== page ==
As we’ll explore later in this series, fixed-value points are very useful to have at your disposal as part of your overall travel strategy; however, the real magic comes through loyalty programs and transferable points, which we’ll look at just below.

Different Kinds of Rewards: Loyalty Programs

As we’ll explore in this series, loyalty programs are the key to unlocking the true magic of Miles & Points. 

An airline loyalty program strategy can help you access premium cabin redemptions

Most airlines and hotel chains have loyalty programs that you can access by taking flights or staying at hotels.

What’s more, you can also earn airline and hotel points through credit card partnerships.

For example, Aeroplan points are awarded when you fly with Air Canada (or with one of Air Canada’s airline partners), or by spending money on an Aeroplan co-branded credit card.

With a co-branded credit card, you receive points directly in your loyalty program account through the card’s welcome bonus, as well as each month based on your credit card spending.

Loyalty program points can be redeemed for flights, hotel stays, gift cards, and merchandise; however, we strongly encourage you to redeem airline points for flights and hotel points for hotel stays, as the potential value you can get with these redemptions is much better than redeeming them for gift cards or merchandise.

As we’ll discuss in detail later in this series, each program has its own set of sweet spots and perks, and the more time you invest in learning about each program, the better equipped you’ll be to reach your travel goals.

Different Kinds of Rewards: Transferable Points

You can also access airline and hotel loyalty programs through transferable points currencies.

In Canada, there are only two transferable points currencies: American Express Membership Rewards (MR) and RBC Avion Rewards.

With transferable points, you first earn points by spending on a credit card that earns Amex Membership Rewards and/or RBC Avion Rewards. These points are then available in your online Amex MR or RBC Avion Rewards account.

Once you’ve earned points, you can choose to convert them into points with an airline or hotel loyalty program at various ratios. In our opinion, this is the best way to use your points if you want to travel more and travel better.

Plus, with transferable points, you have additional redemption options at your disposal.

You can redeem points for statement credits (similar to cash back and fixed-value points), book flights at a higher value with the RBC Air Travel Redemption Schedule and or the Amex Fixed Points Travel Program, or transfer them to external loyalty programs.

In other words, your Amex MR and RBC Avion points can do everything that cash back and fixed-value points can do, but they can also be converted into loyalty program points that offer access to flights and hotels.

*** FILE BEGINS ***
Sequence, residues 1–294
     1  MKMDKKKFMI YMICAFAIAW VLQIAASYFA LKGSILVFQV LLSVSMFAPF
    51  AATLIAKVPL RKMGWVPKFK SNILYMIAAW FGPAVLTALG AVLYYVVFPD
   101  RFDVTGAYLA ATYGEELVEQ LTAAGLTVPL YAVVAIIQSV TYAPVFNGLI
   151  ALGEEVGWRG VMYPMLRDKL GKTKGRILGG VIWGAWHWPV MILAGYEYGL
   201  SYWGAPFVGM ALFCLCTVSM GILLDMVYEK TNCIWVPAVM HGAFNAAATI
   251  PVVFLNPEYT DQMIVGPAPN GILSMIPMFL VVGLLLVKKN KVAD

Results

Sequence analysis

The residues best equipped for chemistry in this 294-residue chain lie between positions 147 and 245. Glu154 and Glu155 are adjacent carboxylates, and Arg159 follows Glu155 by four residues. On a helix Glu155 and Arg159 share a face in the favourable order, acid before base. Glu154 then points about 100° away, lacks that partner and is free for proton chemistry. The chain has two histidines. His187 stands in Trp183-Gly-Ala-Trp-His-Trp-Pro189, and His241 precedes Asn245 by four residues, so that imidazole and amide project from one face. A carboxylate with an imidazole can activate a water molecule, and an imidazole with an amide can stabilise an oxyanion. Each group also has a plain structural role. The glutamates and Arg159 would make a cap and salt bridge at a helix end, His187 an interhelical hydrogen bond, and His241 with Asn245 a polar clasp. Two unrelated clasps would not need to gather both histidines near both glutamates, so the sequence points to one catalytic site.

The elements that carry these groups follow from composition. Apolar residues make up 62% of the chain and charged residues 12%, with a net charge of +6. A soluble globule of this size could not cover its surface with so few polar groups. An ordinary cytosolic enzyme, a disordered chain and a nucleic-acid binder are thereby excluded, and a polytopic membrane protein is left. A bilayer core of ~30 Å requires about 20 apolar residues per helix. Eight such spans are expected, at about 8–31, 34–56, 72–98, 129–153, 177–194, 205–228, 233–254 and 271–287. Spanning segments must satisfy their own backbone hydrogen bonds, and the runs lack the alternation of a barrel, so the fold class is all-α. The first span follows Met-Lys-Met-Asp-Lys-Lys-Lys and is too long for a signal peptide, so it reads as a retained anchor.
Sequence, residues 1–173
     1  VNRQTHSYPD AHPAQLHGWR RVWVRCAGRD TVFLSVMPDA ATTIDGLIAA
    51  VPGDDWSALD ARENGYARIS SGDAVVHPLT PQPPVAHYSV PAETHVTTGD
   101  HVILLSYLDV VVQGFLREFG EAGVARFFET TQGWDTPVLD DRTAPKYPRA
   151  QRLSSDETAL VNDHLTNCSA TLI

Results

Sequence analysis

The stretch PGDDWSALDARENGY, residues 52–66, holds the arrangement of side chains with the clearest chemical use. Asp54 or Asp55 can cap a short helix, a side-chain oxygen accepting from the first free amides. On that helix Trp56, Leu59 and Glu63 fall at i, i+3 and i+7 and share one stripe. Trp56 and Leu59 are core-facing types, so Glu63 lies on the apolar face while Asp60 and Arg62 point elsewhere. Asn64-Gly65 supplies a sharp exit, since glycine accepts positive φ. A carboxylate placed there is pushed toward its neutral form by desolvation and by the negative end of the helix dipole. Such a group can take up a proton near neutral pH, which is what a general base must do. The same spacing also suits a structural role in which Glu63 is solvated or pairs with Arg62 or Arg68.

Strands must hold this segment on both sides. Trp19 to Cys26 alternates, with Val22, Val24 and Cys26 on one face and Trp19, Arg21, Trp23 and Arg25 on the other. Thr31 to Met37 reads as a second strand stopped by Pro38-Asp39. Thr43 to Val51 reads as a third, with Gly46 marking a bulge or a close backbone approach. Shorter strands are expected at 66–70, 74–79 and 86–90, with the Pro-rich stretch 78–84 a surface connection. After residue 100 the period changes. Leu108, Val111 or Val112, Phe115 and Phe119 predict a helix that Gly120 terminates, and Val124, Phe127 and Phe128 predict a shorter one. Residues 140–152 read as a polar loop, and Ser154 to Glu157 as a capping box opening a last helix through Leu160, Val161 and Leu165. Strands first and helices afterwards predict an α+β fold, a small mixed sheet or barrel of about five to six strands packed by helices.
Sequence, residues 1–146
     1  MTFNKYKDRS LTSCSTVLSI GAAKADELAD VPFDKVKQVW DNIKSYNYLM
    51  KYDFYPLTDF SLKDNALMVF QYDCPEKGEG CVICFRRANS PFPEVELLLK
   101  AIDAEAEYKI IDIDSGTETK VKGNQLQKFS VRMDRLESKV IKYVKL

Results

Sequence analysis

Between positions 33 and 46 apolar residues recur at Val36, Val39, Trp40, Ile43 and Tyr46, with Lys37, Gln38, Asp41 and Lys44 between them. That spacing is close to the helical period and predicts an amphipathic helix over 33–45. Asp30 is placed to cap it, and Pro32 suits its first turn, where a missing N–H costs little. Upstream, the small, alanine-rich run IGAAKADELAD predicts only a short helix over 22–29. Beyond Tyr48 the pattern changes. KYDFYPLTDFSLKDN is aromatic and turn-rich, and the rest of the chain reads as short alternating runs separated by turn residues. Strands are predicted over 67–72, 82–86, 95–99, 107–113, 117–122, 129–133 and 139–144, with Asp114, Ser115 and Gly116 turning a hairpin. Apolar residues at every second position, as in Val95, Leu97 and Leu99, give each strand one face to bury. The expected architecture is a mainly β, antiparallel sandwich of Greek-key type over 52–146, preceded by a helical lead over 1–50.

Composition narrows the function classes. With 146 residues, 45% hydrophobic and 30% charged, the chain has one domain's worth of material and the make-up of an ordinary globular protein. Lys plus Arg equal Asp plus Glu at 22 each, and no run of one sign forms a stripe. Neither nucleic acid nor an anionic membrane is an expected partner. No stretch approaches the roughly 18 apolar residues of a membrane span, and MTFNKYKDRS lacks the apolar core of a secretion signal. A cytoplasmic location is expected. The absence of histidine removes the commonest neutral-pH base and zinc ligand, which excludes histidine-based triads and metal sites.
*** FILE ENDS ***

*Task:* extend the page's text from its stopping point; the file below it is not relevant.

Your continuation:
Going back to our example of a business class flight, let’s use a popular option to illustrate why points are so magical.

You can book a one-way business class flight from North America to Doha in Qatar Airways Qsuites – widely considered to be the world’s best business class – for 70,000 British Airways Avios, plus around $165 in taxes and fees.

Fly Qatar Airways QSuites by converting your American Express Membership Rewards points or RBC Avion Rewards points to British Airways Avios

You earn British Airways Avios by spending on the RBC® British Airways Visa Infinite†, or by transferring your Amex Membership Rewards points or RBC Avion Rewards points to British Airways Executive Club (the name of the British Airways loyalty program), where they become Avios at a 1:1 ratio.

In other words, you’d need to transfer 70,000 Amex Membership Rewards points or RBC Avion Rewards points to your British Airways Executive Club account, at which point they’d become 70,000 British Airways Avios. 

Once you convert your Amex MR or RBC Avion points into British Airways Avios, you could then go ahead and book the Qatar Airways Qsuites flight that would have otherwise cost you $5,000 (or more!) for only a fraction of the price.

Now, although the value opportunity here is exceptional, unfortunately it’s not usually as simple as our example suggests.

As we’ll discuss in this series, to book business class seats using miles and points, you’ll need to contend with finding award availability, knowing which loyalty program is best to use to book specific airlines, and a host of other considerations.

However, if you put in a bit of time and effort, you’ll enjoy luxury travel that costs a fraction of what it otherwise would if you paid for it out of pocket.


By putting in the effort to earn the right type of points, and by learning how to use transferable points and loyalty programs effectively, you’ll unlock a whole new world of travel.

For some, this could mean travelling more, and for others, this could mean travelling better.

Either way, Miles & Points will get you to where you want to be faster, and you’ll unlock experiences that might otherwise be out of reach.

There are many nuances that we’ll go over throughout this series, but remember this: the more you put in, the more you’ll get out.